The reliability of the method used to determine percentage of union has not been examined. The purpose of this study was to determine a method of reliably quantifying scaphoid union on CT scan and to examine the inter-observer reliability of this technique.
A radiology database at a tertiary care upper extremity center was searched for all scaphoid CT scans performed from 2004 to 2010 inclusive. Fifty acute scaphoid fractures were selected and extracted from this database. Only non-operatively treated scaphoid fractures were included in this study, and cases were excluded if patients were skeletally immature. Each case was reviewed by an independent evaluator to determine eligibility for inclusion in this study. The time between CT scan and injury was not standardized. The independent evaluator was instructed to conduct a random sampling to ensure that time from injury would not influence results and a wide range of united to un-united fractures would be included. The mean time interval between injury and scan ranged from 1 to 197 days with a mean of 64.5 ± 46.8 days. This independent evaluator also reviewed the radiology reports to ensure that the 50 selected scans represented a range of united, partially united, and tenuously united cases. The reviewers were blinded to all case identifiers and to the results of their co-investigators.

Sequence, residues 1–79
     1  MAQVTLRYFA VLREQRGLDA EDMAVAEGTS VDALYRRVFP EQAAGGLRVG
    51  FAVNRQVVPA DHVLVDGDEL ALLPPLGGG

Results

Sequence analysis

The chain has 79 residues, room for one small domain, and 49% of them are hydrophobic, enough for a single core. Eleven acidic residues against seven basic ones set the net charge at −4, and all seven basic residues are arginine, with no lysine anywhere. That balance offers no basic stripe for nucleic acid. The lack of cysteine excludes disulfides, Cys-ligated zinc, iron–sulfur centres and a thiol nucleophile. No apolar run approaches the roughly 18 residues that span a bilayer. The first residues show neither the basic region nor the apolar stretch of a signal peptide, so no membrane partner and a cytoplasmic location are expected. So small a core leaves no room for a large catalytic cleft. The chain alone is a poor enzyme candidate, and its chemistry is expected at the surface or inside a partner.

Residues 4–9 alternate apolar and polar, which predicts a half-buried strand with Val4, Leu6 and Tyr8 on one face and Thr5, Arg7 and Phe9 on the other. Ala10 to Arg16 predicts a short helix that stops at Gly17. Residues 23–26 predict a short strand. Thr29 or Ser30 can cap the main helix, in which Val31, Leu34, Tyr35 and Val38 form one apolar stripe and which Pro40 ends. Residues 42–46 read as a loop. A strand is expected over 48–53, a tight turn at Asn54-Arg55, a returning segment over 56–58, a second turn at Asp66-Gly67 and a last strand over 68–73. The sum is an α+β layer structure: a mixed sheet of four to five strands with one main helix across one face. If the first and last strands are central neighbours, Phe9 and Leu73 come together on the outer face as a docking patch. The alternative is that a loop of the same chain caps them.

All scaphoids were scanned using a CT scanning technique previously reported , using 0.625-mm helical cuts through the long axis of the scaphoid. The images were reviewed using the GE Centricity PACS RA 1000 system (GE Healthcare, Fairview, CT, USA), with the sagittal cuts being used to assess fracture healing. Each scan was assessed by four observers: two consultant hand surgeons, a musculoskeletal radiologist, and a hand surgery fellow.
Each of the four reviewers was blinded to the clinical details of the case and blinded to the results of the other reviewers. Each reviewer was first asked to identify the location of the fracture (distal pole, waist, or proximal pole). Based on their general impression of the fracture, the reviewer was then asked to classify union into one of three categories, united (75%–100%), partially united (50%–75%), or tenuously united (≤50%). Each reviewer then aimed to quantify union by carefully analyzing each CT slice containing the fracture line and adjacent scaphoid. The fracture line was evaluated and the length of united bone (Figure 1) was compared to the total width of the scaphoid at the fracture line (Figure 2). These two measurements were then used to quantify union based on the two following methods.